Jordan Smith’s review published on Letterboxd:
It's impossible to overstate just how perfectly this catered to my demographic — 17-year old morons who spent all of their free time on Xbox LIVE — at the time of release. It played (and plays) like gangbusters. The Rock throwing Vin Diesel through a wall. The Rock saying, "give me the damn veggies". The Rock materializing out of thin air, double-clotheslining two hapless goons. The sweating. The Rock, The Rock, The Rock. Dwayne Johnson's franchise-rejuvenating turn is heroic for good reason. His performances have proven so charismatic and invaluable to the movies that he has transcended a nickname — Ludacris will always be Chris "Ludacris" Bridges. His Hobbs is emblematic of where the series — and most big-budget filmmaking, for that matter — is at: self-aware without winking.
There's also the bloat, a frequent symptom of stupidly successful movies nowadays. (Fast Five is over twenty minutes longer than any previous F&F movie.) The length is padded out by each supporting character sharing a scene together á la television dramas. But I don't care. I don't care because Justin Lin and Co. have done what nobody seems to shut up about in these movies: make a family. Like the Avengers, these characters are most fun to watch when they're shooting the shit and razzing each other. I especially like Ludacris and Sung Kang. Their work might appear almost narcoleptic when juxtaposed with human cartoons like Tyrese and sentient hot dog Vin Diesel but I detect nonchalance from the two, not laziness. Kang, in particular, exudes cool without straining for it.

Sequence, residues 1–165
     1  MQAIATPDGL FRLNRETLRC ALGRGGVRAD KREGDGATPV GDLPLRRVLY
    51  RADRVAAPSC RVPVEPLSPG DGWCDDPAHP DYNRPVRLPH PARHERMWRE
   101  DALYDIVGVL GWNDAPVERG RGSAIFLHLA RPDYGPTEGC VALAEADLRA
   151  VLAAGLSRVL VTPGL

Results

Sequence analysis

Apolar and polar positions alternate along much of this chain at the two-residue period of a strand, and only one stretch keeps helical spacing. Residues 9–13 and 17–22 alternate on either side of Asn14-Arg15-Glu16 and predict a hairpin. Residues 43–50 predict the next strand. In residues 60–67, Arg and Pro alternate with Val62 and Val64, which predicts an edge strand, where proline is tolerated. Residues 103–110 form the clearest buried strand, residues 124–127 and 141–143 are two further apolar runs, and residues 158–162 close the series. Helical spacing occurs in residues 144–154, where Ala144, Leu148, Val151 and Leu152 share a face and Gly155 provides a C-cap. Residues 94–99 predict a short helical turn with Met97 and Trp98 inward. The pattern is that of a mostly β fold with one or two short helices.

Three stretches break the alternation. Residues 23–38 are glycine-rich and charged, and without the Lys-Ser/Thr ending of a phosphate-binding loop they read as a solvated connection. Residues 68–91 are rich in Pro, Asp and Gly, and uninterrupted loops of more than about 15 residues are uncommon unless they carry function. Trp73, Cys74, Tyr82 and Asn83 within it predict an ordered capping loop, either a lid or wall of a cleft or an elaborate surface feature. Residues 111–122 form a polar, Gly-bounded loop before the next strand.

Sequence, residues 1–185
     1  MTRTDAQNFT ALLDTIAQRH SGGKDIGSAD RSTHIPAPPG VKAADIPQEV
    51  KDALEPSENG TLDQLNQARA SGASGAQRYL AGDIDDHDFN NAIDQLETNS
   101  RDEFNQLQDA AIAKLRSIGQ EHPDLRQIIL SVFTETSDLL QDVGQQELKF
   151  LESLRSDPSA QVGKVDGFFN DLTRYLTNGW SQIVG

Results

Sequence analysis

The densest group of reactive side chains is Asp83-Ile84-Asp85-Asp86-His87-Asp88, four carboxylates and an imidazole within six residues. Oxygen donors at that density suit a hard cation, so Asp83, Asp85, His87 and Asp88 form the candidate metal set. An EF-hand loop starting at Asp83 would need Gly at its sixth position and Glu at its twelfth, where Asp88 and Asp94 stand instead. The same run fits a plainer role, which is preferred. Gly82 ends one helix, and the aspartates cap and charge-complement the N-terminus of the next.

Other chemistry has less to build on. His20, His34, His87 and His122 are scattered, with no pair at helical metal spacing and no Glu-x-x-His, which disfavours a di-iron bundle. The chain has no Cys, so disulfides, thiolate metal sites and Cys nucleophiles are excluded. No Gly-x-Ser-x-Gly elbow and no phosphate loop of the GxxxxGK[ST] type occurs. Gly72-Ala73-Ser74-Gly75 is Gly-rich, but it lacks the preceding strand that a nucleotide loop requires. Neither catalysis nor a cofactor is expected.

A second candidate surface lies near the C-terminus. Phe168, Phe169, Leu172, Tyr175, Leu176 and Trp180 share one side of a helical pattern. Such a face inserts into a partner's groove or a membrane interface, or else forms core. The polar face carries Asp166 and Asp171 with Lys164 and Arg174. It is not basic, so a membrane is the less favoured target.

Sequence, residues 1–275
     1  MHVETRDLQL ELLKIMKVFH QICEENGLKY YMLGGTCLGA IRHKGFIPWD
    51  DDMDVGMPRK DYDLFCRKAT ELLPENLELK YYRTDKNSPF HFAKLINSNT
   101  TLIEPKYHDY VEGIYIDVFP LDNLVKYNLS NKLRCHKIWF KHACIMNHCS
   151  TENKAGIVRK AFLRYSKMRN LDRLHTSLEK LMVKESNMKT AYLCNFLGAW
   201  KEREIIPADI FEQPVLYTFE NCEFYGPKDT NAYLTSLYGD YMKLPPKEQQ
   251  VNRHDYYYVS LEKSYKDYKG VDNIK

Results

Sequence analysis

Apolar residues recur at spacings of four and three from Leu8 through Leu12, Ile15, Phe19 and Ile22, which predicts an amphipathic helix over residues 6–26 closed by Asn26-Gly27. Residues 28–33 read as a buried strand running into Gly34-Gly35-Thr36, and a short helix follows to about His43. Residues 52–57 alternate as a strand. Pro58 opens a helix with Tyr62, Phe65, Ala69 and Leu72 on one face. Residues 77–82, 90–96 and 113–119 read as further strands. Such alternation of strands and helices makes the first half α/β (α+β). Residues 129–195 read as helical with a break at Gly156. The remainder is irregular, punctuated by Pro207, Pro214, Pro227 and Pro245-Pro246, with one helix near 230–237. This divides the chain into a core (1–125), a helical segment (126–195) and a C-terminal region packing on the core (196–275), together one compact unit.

The rest of the movie is thankfully nowhere near as subtle. Characters display the typical disregard for human life expected of them, including all of the law enforcement. The big finale involves a switcheroo with two ten-ton safes barreling through brick-and-mortar Rio real estate. You get the idea. This is where the franchise began to weaponize its stupidity, endearing itself to viewers and critics. While the quaint charms of its street racing origins beg to be resurrected more frequently, the increasing gigantism is almost too big to fail. You're only kidding yourself if you can't find something to like here.